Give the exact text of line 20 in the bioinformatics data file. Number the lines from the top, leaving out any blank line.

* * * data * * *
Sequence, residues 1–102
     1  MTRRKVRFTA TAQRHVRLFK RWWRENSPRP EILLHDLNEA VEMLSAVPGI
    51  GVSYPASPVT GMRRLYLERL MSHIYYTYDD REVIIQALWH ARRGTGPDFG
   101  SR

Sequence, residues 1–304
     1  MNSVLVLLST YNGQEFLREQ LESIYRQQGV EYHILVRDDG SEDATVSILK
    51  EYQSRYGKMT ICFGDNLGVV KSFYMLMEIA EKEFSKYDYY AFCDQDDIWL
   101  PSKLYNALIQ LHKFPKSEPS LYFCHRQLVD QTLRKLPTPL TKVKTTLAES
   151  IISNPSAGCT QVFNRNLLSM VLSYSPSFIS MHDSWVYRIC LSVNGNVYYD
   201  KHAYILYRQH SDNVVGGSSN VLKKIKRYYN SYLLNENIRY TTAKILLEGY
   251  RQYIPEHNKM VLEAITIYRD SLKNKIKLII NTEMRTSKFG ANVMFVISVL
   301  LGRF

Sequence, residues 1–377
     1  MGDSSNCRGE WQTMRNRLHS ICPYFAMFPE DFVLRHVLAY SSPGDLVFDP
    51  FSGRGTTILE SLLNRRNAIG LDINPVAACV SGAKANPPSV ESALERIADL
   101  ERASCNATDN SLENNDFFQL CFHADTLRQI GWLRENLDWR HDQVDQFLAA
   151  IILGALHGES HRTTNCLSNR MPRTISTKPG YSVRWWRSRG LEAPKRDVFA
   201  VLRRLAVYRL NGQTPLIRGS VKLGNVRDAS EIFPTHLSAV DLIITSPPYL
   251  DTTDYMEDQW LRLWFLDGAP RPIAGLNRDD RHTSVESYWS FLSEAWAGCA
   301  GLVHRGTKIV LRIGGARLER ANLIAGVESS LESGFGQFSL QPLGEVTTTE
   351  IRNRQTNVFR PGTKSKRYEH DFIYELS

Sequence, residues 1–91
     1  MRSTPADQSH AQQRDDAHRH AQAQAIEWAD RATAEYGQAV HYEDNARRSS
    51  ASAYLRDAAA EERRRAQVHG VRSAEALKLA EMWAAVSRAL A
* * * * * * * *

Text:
   301  GLVHRGTKIV LRIGGARLER ANLIAGVESS LESGFGQFSL QPLGEVTTTE